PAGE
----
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Robert
04-29-2001, 02:14 PM
I recently had some 10"x12" birch panels cut and I mounted linen canvas on a few of them with Lineco glue. I've also heard about a translucent (resin?) material you can cover the birch with and paint on directly after it dries. Does anyone know what that is?

Also, anyone know of a size for raw linen other than rabbit skin glue? Something a little more convenient to use, maybe?

Thanks,

Bob

Leopoldo1
04-29-2001, 05:31 PM
Originally posted by Robert:
Also, anyone know of a size for raw linen other than rabbit skin glue? Something a little more convenient to use, maybe?Thanks,
Bob

Rabbit skin glue is hard to beat, it has been around for a long, long time and is still the best size with raw linen. Remember you are attempting to protect the unprotected raw linen fibers from the acids in the oils of your pigmnets, like linseed oil !

Bunny glue is easy to make, water, bunny granules and a crock pot or baby bottle warmer, to keep it warm by not exceeding 135 degrees F. A while back I bought a new cheap crock pot for $6.99 and it does the job perfectly.

I guess if you are set in not doing this an acrylic imitation gesso grounds would work. The only problem I see is the flexible acrylic under the more rigid oil pigments. Keep the acrylic thin! Of course canvases are sold all the time with acrylic grounds and we paint over them with oil. I believe the acrylic would put up a adequate barrier from the oil pigments but keep it thin! Good luck. http://www.wetcanvas.com/ubb/redface.gifL


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"Each artist must take inventory periodically and give himself an honest evaluation so that he can make the proper changes, rather than remain stagnant" ....NICOLAI FECHIN

Robert
04-29-2001, 06:22 PM
Thanks, Leopoldo. I agree - bunny glue's hard to beat. Just curious if anyone's stumbled across or discovered anything else that works well with linen.

Still interested in the clear polymer or resin that can be applied directly to the board and painted over. The natural finish of birch looks nice showing through a painting - or left unpainted. I've seen the effect but don't know the material used.

Bob

Robert
04-30-2001, 06:30 AM
Thanks, Dru. No, I haven't tried anything other than the linen yet - but I'll do shellac on a few of them. I've just gotten into doing my own supports and I'm experimenting with as many different sizes and grounds as I have time for. I probably need to shake the dust off that thick materials book I have...

Bob

Mario
04-30-2001, 06:57 AM
Hi, Dru beat me to it, but Bullseye varnish sold in any hardware store should do the trick. I am using the amber color but they make other finishes.

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Painting the light reflecting from an object is different than painting the object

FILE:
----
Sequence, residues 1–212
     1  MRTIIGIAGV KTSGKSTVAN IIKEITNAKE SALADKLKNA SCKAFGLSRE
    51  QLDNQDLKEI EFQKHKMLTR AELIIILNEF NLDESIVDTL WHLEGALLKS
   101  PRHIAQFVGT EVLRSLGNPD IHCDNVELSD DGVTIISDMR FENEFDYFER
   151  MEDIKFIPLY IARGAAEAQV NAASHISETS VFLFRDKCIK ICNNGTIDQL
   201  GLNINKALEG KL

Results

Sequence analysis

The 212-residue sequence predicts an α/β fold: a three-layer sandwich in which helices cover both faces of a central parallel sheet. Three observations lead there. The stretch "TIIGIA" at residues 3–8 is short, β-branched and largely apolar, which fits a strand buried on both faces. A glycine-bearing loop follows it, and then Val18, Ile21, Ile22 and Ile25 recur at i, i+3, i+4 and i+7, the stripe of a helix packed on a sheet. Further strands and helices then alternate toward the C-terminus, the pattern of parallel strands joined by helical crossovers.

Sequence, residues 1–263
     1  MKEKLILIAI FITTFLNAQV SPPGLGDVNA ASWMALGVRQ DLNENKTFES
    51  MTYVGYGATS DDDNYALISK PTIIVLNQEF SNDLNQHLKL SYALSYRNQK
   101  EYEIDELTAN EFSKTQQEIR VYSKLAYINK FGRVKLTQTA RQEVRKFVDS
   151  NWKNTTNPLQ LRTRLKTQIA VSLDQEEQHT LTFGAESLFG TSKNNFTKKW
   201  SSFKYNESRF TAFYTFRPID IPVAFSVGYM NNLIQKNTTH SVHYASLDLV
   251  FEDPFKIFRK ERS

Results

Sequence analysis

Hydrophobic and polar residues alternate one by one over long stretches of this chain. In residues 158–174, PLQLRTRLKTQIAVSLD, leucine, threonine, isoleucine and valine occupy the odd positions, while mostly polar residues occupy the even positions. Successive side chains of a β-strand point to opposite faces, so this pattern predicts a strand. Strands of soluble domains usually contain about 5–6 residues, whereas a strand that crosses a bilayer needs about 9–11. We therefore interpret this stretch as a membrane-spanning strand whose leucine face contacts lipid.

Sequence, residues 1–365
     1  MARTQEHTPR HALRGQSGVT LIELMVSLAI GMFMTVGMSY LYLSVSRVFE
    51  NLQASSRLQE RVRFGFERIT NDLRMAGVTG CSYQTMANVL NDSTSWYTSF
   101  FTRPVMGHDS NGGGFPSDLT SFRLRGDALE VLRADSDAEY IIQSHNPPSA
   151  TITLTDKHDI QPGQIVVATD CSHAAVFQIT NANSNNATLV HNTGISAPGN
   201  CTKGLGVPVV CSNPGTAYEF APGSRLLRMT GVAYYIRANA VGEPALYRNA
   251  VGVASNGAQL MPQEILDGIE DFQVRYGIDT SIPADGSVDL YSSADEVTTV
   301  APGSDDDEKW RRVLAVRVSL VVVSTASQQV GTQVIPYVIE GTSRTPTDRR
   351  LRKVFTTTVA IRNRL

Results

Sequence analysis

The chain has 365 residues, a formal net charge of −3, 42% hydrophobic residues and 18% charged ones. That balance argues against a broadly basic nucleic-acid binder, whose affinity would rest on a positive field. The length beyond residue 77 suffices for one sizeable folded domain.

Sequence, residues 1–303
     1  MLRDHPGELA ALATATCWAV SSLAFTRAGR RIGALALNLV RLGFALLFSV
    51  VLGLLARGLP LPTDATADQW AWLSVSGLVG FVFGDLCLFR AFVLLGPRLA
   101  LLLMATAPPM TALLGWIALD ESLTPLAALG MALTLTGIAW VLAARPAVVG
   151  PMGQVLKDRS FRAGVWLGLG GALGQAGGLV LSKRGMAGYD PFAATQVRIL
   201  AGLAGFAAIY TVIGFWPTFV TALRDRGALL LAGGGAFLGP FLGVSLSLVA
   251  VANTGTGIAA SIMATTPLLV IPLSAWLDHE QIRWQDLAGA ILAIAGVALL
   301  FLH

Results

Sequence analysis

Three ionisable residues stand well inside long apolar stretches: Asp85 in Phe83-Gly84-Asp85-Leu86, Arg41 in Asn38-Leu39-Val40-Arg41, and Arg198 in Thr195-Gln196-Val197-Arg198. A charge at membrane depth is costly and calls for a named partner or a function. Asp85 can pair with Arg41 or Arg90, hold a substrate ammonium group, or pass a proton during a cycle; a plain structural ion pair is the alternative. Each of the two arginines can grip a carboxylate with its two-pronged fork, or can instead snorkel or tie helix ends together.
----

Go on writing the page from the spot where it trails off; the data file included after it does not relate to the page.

taxed
04-30-2001, 07:47 AM
I started using GoldenPaint's GAC 400...a RabbitSkin glue alternative...and have been happy with it.
And because of this latest discovery about support induced discoloration from masonite, when necessary,I've been using their 700.
For me, the GAC line is very interesting. http://www.goldenpaint.com/gac100s.htm#gac400

kemshmi
04-30-2001, 11:22 AM
Hi Guys http://www.wetcanvas.com/ubb/smile.gif

I was reciently working on some panels and was also wondering what was used as a clear finish for the wood..having seen the nice effect of the wood showing through the painting in places..in another thread Colin recomened that W.N. has a clear sizing product...I havent tried it yet so I cant comment about it

Kemshmi

Verdaccio
05-01-2001, 10:47 PM
For adhering linen to board, I use pure polymer medium. You have to sand the board first and get the surface quite fuzzy - both sides. I then coat the board with a thick coat of medium and lay the linen over it and roll it out with a rolling pin. I then put more medium over the top of the linen making sure it completely soaks the surface. Let dry - it will shrink some, but should adhere and be nice and flat. Then, I fold the edges over one at a time and glue them down again soaking the linen in the medium. Let the whole thing dry and then coat the entire board with several coats of gesso - again, both sides being sure to get the gesso into the folds on the back. Coating both sides also helps to straighten the board.

For absolute longevity, be sure to use pure polymer medium - Elmers glue will disentegrate after about 150 years because they add corn starch and other organics as fillers.

Hope that helps! http://www.wetcanvas.com/ubb/smile.gif

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Michael Georges
www.fineportraitsinoil.com (http://www.fineportraitsinoil.com)